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Article

Robert W. Gribben

The Uniting Church in Australia (1977) faces the challenge of both being faithful to its inherited traditions (Methodist and Reformed), and taking the opportunity to draw on contemporary ecumenical liturgical scholarship in the preparation of new liturgies. The eucharistic liturgies follow the basic shape of Dix; the Great Prayer may be used in either the Western Catholic tradition, or prefaced by a Reformed “warrant.” There is a wide variety of baptism and related services, including some resources for an adult catechumenate. There is provision for both adult and infant baptism, as appropriate; some material for an adult catechumenate is included, but the church has not yet shown evidence of increased baptism of adults. The first phases of the renewal process involved the production of two worship books, in 1988 and 2005, covering the full range of word, sacrament, and occasional offices, and were increasingly supported by authorized CD-ROM and web-based resources. Inclusive language is used throughout. The liturgical forms are regarded as models, to be varied or supplemented with material with the same theological intent. There is now an increasing move toward local worship leaders (lay and ordained) devising liturgies using resources, including musical, with other theological bases. This raises the question of the theological integrity of the result, in words spoken and sung. The complex task of providing its liturgies for non-European cultures, including indigenous, has hardly begun, though there are services now translated into other languages. The dearth of scholarly liturgical study in theological colleges makes it difficult to see how this can be addressed. Without such historical, theological, and practical study of worship, many other developments will be prey to fashion and individual styles.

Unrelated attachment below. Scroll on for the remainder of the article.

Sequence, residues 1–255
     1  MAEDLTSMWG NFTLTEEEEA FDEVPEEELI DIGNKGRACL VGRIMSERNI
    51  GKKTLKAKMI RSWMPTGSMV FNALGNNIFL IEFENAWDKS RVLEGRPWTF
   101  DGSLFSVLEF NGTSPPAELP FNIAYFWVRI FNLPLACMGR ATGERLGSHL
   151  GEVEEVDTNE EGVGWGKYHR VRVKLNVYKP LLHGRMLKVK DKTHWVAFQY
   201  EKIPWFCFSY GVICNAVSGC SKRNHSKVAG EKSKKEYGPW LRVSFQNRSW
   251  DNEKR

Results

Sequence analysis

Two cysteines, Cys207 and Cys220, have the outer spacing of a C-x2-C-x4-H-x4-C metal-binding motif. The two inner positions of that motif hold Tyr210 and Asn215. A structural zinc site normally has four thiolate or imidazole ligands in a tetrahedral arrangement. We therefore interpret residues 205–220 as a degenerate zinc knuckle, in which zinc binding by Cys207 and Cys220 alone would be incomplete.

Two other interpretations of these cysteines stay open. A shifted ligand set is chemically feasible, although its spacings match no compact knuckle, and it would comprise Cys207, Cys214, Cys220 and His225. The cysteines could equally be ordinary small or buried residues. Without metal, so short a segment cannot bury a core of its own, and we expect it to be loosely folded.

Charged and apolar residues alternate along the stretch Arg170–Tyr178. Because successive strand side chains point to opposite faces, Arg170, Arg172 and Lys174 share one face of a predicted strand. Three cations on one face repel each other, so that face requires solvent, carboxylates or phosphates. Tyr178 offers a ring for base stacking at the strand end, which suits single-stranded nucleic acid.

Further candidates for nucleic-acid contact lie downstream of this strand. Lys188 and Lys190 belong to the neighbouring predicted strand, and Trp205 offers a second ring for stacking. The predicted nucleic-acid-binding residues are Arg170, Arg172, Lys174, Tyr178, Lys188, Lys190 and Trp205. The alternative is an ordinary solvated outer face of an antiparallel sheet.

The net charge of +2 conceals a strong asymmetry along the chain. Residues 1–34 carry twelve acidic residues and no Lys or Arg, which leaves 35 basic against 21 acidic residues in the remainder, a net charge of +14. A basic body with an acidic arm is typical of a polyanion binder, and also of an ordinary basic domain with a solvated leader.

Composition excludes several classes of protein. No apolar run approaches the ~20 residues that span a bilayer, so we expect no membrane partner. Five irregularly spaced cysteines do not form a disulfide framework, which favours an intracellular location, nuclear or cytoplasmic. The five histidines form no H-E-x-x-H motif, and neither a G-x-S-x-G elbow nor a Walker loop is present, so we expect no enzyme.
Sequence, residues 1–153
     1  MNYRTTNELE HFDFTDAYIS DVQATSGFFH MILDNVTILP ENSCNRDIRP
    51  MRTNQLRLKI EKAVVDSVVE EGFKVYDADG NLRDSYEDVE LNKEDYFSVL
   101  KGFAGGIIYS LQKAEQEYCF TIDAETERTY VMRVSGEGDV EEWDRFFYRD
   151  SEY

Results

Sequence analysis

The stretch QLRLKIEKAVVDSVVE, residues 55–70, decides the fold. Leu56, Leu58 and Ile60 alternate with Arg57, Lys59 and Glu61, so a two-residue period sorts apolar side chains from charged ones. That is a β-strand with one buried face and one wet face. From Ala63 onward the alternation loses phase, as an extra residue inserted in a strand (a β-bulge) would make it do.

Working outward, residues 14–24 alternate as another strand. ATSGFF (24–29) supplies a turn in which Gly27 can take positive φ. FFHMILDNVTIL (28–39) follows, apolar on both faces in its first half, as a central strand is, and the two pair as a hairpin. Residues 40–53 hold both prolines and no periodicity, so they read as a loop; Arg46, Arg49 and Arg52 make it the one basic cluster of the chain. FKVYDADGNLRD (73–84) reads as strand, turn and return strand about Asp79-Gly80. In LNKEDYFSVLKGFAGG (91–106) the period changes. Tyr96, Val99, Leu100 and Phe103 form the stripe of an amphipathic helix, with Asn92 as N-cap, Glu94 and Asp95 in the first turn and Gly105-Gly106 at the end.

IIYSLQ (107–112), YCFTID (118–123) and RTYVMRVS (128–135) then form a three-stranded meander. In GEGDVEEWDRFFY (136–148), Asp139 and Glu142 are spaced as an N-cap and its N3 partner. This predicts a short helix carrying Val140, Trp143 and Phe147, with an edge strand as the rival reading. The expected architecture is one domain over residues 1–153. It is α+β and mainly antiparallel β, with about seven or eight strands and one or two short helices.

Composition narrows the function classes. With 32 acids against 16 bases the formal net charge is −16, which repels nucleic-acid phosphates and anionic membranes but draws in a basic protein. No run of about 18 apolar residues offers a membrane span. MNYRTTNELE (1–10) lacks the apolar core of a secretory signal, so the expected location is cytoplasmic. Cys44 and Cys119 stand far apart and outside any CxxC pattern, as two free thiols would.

Article

Biblical laws are found mainly in the Pentateuch (i.e., the first five books of the Hebrew Bible). The laws are linked to the figure of Moses, who is depicted as having received them directly from God in order to transmit them to the people of Israel during the years in the Wilderness after being released from slavery in Egypt. Biblical laws are thus presented as being of divine origin. Their authority was further bolstered by a tradition that they were included in covenants (i.e., formal agreements made between God and the people as recorded in the books of Exodus and Deuteronomy). Similar claims of divine origin were not made for other ancient Near Eastern laws; their authority flowed from kings, who issued the laws, although these kings might also be seen as having been placed on their thrones through the favor of the gods. The biblical law collections are unlike other ancient Near Eastern “codes” in that they include sacral laws (i.e., governing cult, worship, and ritual, as well as secular laws: namely, governing civil, and criminal behaviors). This mingling of sacral and secular categories is the likely reason both for the many terms used to denote the laws, as well as for the unexpected number of formulations in which they are presented. The formulations used in biblical law can be classified as “casuistic” or “non-casuistic.” They are not equally distributed in the books of the Pentateuch nor are they equally used with secular and sacral laws. While there are similarities in content between secular laws found in the Hebrew Bible and laws found in the ancient Near Eastern law “codes,” the latter do not exhibit a comparable variety in the numbers of law terms and formulations. The Hebrew Bible tended to “blur” the differences between the law terms and their formulations, ultimately to the point of subsuming them all under the law term torah (“teaching”) to describe the totality of the divinely given laws in the Pentateuch. Biblical studies in general and Pentateuchal studies in particular are challenged by the fact that manuscripts contemporary with the events described have not survived the ravages the time. Scholars must therefore rely on looking for “clues” within the texts themselves (e.g., the laws cited by the prophets, the reform of Josiah, the teaching of torah by Ezra, and evidence for customs and customary laws found in books of the Hebrew Bible outside of the Pentateuch).